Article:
His Twitter bio describes a man of some scope: “Globe-trotter, loves Tennis, cats + people, Father of Rotterdam Phil, Philadelphia Orchestra, Orchestre Metropolitain Mtl… Future father of the MET :-)”
Turns out he’s got one more move: pianist.
Yannick Nézet-Séguin, the Philadelphia Orchestra music director who also assumes official musical leadership of the Metropolitan Opera this September, has given only peeks of himself at the keyboard. But Wednesday night in chamber music with his own Philadelphia Orchestra musicians, he took on nothing less than the Brahms Piano Quartet in G Minor, Opus 25. It’s a sprawling work, and a well-known one, too. For many listeners, it is the very definition of Brahms.
Nézet-Séguin’s appearance brought new visibility to these concerts, which started a couple of years ago at the College of Physicians and are put on by the college and musicians of the orchestra (three concerts are planned for next season, with artists and repertoire not yet set).
Mozart’s String Quintet No. 3 in C Major, K. 515, the only other piece on the program, started with a shaky moment or two, and you couldn’t say these five players from the orchestra (violinists Ying Fu and William Polk, violists Kerri Ryan and Burchard Tang and cellist Priscilla Lee) always had the tight immediacy of an established ensemble. But their authority grew. The interplay between Fu and Tang in the third movement was solid and stylish.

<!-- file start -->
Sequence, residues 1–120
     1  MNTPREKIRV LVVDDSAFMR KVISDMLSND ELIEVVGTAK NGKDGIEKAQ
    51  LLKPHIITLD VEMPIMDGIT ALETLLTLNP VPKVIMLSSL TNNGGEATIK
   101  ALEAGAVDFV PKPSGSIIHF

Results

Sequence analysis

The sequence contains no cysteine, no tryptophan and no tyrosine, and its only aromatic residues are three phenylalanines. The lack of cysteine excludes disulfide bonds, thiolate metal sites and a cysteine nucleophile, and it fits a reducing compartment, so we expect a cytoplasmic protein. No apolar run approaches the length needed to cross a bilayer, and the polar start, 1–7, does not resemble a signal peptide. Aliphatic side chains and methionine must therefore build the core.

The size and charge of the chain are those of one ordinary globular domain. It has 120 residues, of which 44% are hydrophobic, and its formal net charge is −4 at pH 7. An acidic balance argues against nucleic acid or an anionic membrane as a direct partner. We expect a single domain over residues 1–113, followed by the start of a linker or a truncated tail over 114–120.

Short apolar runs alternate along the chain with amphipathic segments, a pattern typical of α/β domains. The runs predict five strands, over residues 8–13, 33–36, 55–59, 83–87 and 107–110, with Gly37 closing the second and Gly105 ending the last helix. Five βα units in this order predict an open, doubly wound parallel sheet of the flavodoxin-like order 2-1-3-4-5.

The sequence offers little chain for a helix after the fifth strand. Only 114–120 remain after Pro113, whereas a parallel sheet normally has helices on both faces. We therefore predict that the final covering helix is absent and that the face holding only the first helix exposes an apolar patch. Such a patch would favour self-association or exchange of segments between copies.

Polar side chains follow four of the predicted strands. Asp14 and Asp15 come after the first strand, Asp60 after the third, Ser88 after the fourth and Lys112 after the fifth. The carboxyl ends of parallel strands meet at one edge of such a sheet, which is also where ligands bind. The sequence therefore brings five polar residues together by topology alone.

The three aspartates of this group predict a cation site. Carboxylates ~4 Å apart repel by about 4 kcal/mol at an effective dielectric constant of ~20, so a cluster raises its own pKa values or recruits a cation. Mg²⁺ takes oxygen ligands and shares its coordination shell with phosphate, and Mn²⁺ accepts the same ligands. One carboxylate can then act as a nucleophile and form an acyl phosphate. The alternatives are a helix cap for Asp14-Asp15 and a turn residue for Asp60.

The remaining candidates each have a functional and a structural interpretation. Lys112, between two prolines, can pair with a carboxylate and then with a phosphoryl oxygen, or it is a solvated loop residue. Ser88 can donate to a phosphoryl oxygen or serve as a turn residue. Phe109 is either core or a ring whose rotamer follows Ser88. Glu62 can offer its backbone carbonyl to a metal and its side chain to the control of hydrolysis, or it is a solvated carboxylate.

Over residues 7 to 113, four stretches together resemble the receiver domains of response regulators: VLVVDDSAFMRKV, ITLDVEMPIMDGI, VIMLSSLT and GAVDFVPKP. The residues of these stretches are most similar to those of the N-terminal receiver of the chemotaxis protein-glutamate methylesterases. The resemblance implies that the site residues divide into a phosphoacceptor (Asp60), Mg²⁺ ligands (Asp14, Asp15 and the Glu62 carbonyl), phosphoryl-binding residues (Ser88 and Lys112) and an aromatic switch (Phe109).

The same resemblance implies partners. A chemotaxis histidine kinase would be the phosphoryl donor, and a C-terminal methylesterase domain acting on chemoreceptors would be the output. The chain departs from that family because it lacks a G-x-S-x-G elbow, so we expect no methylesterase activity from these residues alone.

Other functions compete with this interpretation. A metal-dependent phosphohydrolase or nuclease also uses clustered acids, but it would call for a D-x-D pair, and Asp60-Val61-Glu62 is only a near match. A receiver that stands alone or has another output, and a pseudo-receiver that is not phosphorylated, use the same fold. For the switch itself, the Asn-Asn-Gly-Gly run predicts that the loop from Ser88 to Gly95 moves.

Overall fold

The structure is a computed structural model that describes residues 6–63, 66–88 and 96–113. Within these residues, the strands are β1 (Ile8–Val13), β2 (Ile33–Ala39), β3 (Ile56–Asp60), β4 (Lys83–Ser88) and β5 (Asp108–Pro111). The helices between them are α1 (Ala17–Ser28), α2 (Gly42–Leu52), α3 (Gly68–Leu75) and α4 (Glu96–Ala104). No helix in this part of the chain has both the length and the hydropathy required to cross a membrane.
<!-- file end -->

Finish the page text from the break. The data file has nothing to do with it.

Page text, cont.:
Nézet-Séguin prefaced his performance by telling the audience that he was “a pianist of occasion,” and that he had originally worked up and played the Brahms piece decades ago. Managing expectations was smart. As pianist, he hasn’t had the starry career of one of his predecessors at the orchestra, Christoph Eschenbach. And to be sure, there were fumbles. But they were minor ones, and not many.
The unusually long, 15-note line that opens the piece signaled his intentions. The tempo was on the luxurious side, and after sitting on the first note for a nanosecond, Nézet-Séguin unfolded the rest of the phrase by turning over notes one by one, looking for meaning. It did not lead in a straight line to the end of the phrase, the way, for instance, Artur Rubinstein thought about this music in his classic take with members of the Guarneri Quartet.
All along the way, Nézet-Séguin, Fu, Ryan, and Lee took generally careful tempos, but landed on some great moments: Lee’s plummy repeated triplets in the second movement that animated the spirit; the lithe, jagged militaristic string patter of the third; and, from the pianist, lovely instances of melody peaking above the texture.
Was it an interpretive decision or technical limitation that in both the climactic moments of the outer two movements the music never reached full boil? It’s hard to know. But when the musical authority in the room says to the audience, as this one did, that the occasion is about the joy and pride of playing chamber music with friends, it’s hard to argue.